Run-flat tyres are designed to allow you to safely drive a vehicle for a limited time or distance in the event of a puncture. Thanks to their reinforced sidewall, they’re strong enough to hold the weight of a vehicle when there’s little or no pressure.
This means you don’t need to pull over and change your tyre at the side of the road or wait for roadside assistance. You can finish your journey and arrange for the tyre to be replaced when convenient for you.
Some manufacturers now fit all new cars with run-flat tyres, however, you may not necessarily know whether or not this applies to your car.
Cars fitted with these tyres will be fitted with a TPMS (Tyre Pressure Monitoring System) which can quickly spot when there’s been a drop in tyre pressure, and alert you.
To identify whether your car is fitted with them, you should be able to check the markings on the tyre sidewall. Unfortunately, there are no universal run-flat tyre markings or codes, so each manufacturer has adopted its own unique identifier.
Examples of these codes include:
Continental: PremiumContact 6, CrossContact UHP
Goodyear: Wrangler HP, Eagle Sport All Season
Michelin: Pilot Sport 3, Primacy 4
Refer to the manufacturer’s website to check this code (or symbol) and identify whether or not your car is fitted with run-flat tyres.
When we experience a flat tyre, it can be a frightening experience, especially if it occurs on a motorway, dual carriageway, or even a narrow country road.
When the TPMS alerts you that the tyre is flat, unless there’s severe damage, then there’s no need to immediately change it or call for roadside assistance. This means you don’t need to delay your journey or worry about stopping in a potentially difficult or dangerous place.
Run-flat tyres allow you to safely drive the car in the event of a puncture. Because they’re reinforced, the tyres don’t lose their shape, which means handling isn’t affected and the wheel itself isn’t likely to be damaged.
And because run-flat tyres can be driven on for moderate distances when flat, it means you’re not required to keep a spare tyre, which can save space, money and a little bit of weight.
After being alerted by the TPMS via the central console that there’s been a drop in tyre pressure, it’s recommended that you stop and check your tyres at your earliest convenience to ensure there is no significant damage (if they have a puncture they won’t appear flat).
After clearing the TPMS alert, if the tyre has a puncture then the system will likely alert you quickly.
Each manufacturer will recommend a maximum speed and distance for a run-flat tyre, so you should check their guidelines. This is usually somewhere between 30 to 5omph and 25 to 200 miles.
No, you can’t use them alongside standard tyres at the same time.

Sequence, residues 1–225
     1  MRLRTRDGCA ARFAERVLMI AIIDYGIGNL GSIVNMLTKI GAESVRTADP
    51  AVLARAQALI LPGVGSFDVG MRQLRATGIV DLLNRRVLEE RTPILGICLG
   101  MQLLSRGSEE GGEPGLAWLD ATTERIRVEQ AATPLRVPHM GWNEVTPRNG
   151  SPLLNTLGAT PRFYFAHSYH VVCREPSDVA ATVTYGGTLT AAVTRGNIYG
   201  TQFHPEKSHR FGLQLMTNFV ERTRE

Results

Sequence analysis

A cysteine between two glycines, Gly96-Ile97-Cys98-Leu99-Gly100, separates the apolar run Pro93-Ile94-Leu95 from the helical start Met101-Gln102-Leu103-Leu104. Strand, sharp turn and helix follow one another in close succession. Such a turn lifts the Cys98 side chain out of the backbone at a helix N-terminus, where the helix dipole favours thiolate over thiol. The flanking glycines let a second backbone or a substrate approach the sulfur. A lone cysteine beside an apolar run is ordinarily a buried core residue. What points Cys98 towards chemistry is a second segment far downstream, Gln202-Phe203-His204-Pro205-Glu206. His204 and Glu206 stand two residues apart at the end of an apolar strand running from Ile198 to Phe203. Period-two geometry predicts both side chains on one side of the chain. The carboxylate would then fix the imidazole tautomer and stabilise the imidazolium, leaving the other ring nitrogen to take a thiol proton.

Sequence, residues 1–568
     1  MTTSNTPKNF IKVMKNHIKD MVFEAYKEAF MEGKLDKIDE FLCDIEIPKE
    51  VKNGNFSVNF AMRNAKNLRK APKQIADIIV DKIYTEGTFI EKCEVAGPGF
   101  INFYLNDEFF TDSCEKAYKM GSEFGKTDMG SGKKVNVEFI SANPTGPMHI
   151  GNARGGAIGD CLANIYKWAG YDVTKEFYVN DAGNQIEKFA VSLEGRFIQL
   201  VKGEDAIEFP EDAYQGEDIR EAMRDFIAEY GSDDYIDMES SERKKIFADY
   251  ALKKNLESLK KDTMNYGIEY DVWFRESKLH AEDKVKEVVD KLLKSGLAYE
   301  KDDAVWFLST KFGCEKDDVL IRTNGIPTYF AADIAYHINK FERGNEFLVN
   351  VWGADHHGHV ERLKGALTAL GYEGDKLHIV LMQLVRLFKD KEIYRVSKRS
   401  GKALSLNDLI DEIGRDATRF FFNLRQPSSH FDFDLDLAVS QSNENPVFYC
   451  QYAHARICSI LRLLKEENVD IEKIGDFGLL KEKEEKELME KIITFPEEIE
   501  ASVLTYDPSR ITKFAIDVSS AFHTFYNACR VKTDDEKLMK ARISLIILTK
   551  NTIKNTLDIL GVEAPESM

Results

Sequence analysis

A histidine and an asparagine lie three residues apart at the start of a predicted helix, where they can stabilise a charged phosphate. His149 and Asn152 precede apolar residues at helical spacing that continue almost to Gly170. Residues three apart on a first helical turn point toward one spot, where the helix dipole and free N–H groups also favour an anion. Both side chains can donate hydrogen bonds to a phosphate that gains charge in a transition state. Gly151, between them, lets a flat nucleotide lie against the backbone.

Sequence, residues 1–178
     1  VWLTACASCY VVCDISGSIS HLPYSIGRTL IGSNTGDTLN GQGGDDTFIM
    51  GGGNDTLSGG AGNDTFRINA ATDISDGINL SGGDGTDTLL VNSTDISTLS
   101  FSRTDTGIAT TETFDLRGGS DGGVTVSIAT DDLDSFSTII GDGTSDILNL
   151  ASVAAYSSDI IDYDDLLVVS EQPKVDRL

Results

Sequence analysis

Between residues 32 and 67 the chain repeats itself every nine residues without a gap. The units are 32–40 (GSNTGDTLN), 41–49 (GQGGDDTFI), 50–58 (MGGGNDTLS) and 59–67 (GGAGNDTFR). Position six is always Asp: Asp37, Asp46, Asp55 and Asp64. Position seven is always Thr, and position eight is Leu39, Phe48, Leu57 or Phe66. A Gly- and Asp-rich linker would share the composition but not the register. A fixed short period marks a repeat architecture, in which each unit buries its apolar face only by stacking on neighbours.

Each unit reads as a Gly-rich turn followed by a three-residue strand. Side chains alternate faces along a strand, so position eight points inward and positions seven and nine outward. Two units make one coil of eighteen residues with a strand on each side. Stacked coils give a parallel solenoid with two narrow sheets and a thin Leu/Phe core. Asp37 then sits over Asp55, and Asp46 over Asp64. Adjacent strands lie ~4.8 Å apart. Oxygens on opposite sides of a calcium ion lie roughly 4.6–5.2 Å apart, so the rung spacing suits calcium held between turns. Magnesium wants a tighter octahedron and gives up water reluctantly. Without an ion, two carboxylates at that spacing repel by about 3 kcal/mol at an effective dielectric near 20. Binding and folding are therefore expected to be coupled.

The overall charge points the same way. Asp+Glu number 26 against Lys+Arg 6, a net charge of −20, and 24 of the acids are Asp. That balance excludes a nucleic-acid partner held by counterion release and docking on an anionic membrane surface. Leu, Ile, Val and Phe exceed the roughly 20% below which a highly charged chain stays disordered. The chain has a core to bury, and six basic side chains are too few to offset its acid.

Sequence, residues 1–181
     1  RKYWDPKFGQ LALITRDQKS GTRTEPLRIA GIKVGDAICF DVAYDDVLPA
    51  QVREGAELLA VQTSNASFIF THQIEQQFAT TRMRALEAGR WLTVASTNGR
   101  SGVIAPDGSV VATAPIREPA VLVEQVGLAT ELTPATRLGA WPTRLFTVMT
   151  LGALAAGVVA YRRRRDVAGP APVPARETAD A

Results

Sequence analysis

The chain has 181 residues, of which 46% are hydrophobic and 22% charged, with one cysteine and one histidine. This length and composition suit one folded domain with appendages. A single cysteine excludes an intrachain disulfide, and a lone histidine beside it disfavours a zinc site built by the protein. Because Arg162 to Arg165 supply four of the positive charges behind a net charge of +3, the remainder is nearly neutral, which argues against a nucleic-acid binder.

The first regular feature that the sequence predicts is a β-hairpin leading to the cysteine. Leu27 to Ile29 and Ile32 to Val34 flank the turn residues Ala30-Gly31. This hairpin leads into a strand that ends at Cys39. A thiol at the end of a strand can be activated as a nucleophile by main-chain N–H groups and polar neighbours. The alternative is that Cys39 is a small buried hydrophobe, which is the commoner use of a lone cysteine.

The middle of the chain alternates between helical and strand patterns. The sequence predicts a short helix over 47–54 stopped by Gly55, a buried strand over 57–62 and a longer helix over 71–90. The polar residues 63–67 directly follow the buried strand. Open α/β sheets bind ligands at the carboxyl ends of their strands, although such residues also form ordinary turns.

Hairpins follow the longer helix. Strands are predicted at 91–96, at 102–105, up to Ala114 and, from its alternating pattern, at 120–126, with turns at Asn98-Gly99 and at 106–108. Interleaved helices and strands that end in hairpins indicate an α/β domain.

Nor should you use standard tyres on a car manufactured to use run-flat tyres. Their suspension is designed to deal with the increased weight, and by using standard tyres the vehicle will feel ‘bouncy’ and handling will be affected.
In the event of a flat, you’re also unlikely to be carrying a spare (some cars don’t have room to carry a spare), which can lead to expensive roadside assistance or towing costs.
TPMS is another reason not to use standard tyres, and doing so could mean that a slow puncture will not be recognised by the system.
Using standard tyres on a vehicle designed for run-flat tyres may also invalidate your insurance.
Run-flat tyres will generally last as long as standard tyres. While in the event of a puncture they won’t go flat, they’re still susceptible to the usual wear.
To ensure your tyres are road legal, it’s recommended that you check them regularly.
No, they can't be repaired. They’re safe to drive while flat for a certain period of time, however, as previously mentioned, this is finite.
For safety reasons, and because it’s not possible to check the distance a car has been driven on a flat tyre, when a puncture occurs, the tyre must be replaced.
They’re generally more expensive than summer tyres, winter tyres, and all season tyres. However, because they don’t go flat and therefore don’t need to be changed immediately, you only need to buy 4, and don’t need to carry a fifth with you.
If your vehicle isn’t fitted with a tyre pressure monitoring system, then it’s likely that your car doesn't have run-flat tyres. However, they have been in use since the 1980’s, and they’re becoming increasingly more popular and common.
Check with your manufacturer to see if your car is fitted with run flat tyres. You may find you’ve been carrying that spare in the boot all this time and you didn’t need to.
If you’re looking to replace your run-flats, you can buy your tyres online. Just enter your registration and find a range of tyres to suit your vehicle and your budget.